Friday, February 14, 2014


WHAT TO SAY ABOUT Jez Butterworth's play Jerusalemseen last night at San Francisco Playhouse? We sat center, first row mezzanine, through the long first act; then moved back a few rows — there were only two or three other playgoers up there, though the orchestra seemed well populated — for the remaining two (long) acts. I mention this because Jerusalem is, if nothing else, talky, and depends on being understood, and between the acoustical properties of the house, and the thick accents put on with varying degrees of consistency and success, and the extent of British slang, I wasn't always able to follow just what the hell was going on.

We'll have to read the play, my companion said later. I'm not so sure I'll bother. The play is laudable in its intent: to transfer the traditional English reverence for the powers of Nature to our own time, when paganism is no longer taken seriously except as it typifies antisocial behavior. Much of the time the play reminded me of Michael Tippet's opera Midsummer Marriage, of all things, and I even wondered if the playwright might perhaps be related to another British composer, George Butterworth (1885-1916), remembered primarily for his pastoral setting of Houseman's A Shropshire Lad. The pastoral tradition runs through the English sensibility from Chaucer on, and more than once this Butterworth, in Jerusalem, seems to be glancing sidelong toward As You Like It. But it is very much of our time, bringing town council enforcers out to the woods to lean on "Rooster" Byron, a middle-aged motorcycle acrobat hanging out in a house-trailer squatting on Council land in the woods.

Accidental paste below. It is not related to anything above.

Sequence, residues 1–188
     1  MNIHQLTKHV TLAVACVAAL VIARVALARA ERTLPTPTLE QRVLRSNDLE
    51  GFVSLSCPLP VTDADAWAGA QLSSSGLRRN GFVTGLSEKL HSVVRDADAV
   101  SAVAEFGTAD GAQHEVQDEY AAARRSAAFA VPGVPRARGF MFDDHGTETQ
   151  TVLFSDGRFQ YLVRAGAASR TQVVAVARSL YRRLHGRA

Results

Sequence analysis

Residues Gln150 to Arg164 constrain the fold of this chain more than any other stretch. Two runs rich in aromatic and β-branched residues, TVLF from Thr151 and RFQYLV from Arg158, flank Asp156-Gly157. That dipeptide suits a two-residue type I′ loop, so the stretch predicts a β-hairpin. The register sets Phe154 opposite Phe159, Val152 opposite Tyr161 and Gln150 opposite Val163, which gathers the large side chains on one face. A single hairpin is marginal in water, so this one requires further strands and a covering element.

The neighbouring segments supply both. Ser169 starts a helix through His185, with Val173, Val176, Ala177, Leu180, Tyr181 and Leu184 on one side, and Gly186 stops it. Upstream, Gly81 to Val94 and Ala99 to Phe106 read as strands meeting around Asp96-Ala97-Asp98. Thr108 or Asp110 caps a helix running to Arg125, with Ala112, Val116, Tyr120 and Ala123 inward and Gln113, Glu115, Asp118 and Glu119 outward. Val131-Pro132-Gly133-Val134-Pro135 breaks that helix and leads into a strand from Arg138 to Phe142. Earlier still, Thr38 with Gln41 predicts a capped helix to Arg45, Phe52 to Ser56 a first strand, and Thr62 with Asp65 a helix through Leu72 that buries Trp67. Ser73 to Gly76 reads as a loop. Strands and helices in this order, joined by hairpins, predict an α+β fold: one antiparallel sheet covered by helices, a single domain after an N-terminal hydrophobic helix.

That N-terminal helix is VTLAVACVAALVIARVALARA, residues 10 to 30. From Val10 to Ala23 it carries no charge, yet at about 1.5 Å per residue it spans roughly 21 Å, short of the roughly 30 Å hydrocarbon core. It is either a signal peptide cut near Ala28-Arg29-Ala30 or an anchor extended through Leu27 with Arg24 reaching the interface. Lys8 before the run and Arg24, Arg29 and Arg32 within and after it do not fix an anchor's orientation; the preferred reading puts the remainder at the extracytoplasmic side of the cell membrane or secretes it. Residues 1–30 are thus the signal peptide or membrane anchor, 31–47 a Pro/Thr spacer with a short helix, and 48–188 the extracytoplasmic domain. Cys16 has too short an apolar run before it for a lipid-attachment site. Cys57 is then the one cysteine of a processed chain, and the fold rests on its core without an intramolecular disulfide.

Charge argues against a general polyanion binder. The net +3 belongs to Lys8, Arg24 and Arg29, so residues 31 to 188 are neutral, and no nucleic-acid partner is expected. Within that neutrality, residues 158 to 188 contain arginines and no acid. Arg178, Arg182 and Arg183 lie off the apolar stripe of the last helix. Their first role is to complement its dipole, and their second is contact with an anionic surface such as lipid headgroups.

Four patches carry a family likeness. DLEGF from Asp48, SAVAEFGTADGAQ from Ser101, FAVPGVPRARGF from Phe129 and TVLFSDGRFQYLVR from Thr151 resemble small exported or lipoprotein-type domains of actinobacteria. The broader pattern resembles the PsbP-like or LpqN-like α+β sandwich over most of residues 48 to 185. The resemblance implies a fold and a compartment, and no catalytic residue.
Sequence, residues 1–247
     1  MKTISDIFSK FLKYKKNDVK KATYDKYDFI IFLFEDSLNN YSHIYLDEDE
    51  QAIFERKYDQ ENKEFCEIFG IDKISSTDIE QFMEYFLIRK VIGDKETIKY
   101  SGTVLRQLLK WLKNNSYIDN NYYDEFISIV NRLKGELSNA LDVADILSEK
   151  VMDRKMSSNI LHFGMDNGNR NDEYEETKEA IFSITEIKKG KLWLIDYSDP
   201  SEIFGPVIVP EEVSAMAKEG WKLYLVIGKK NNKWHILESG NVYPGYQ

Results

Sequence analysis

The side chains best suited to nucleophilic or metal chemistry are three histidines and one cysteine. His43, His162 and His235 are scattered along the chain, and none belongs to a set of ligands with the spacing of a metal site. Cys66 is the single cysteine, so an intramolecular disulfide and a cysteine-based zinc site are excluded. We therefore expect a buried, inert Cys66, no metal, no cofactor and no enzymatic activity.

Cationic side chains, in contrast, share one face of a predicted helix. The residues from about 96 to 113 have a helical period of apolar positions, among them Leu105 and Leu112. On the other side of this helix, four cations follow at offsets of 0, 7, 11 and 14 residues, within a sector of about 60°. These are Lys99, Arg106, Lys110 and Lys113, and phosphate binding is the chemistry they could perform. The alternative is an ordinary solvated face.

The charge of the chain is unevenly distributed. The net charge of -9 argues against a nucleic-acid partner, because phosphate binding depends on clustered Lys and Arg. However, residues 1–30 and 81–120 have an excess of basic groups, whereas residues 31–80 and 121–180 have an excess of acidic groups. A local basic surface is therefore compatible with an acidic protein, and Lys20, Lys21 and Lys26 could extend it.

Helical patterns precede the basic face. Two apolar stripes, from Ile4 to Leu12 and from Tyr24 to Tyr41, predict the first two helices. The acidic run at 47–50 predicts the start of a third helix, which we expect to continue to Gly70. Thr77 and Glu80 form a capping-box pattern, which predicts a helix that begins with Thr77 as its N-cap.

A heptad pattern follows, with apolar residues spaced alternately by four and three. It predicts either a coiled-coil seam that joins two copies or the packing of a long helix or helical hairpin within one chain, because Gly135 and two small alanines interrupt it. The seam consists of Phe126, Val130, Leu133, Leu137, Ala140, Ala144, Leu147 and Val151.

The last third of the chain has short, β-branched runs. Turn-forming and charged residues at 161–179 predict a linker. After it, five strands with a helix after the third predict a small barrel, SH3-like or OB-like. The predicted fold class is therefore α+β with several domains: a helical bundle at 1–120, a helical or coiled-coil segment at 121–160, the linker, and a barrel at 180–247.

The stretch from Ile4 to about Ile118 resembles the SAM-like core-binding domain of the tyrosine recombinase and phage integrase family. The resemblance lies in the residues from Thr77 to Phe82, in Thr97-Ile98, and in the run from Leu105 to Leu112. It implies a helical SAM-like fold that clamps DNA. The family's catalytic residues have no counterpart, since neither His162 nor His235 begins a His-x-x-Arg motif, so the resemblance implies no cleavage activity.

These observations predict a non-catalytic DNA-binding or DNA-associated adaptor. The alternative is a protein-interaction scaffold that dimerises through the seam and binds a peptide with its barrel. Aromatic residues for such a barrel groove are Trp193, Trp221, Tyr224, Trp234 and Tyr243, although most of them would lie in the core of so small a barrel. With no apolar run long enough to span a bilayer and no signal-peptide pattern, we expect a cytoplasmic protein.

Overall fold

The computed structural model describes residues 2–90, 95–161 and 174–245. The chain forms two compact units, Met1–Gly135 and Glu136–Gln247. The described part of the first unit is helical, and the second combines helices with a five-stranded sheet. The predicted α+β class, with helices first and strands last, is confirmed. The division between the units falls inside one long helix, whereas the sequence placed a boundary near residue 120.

Here he plays host to underaged girls, drifters, and assorted social misfits who hang about for free booze and pills, entertaining  them with unlikely stories, linking himself to the English mythical and Romantic tradition. "What's an English forest for?", he asks pointedly, when it's pointed out he's harboring fugitive teen-agers.

As is so often the case, the relentless back and forth of dialogue and the constant narrative imperative of the play distract me from the playwright's real purpose, which is verifying the continued vigor and relevance of this pagan interplay of Man and Nature within the political and commercial corruptions of today's society. Apart from the vocal production, this performance has a lot to be said for it: a persuasive set, enterprising costuming, good blocking, detailed though not fussy stage direction. 

The cast seemed to me to wrestle with Butterworth's demands, which are considerable. Brian Dykstra has a particularly difficult role in Rooster Byron, and manages it persuasively if not commandingly. The rest of the large cast fit in well; I was particularly taken with Richard Louis James as the Professor, Ian Scott McGregor as Ginger,, and Courtney Walsh as one of the enforcers, a small but telling part.

Jez Butterworth: Jerusalem. San Francisco Playhouse , through March 8

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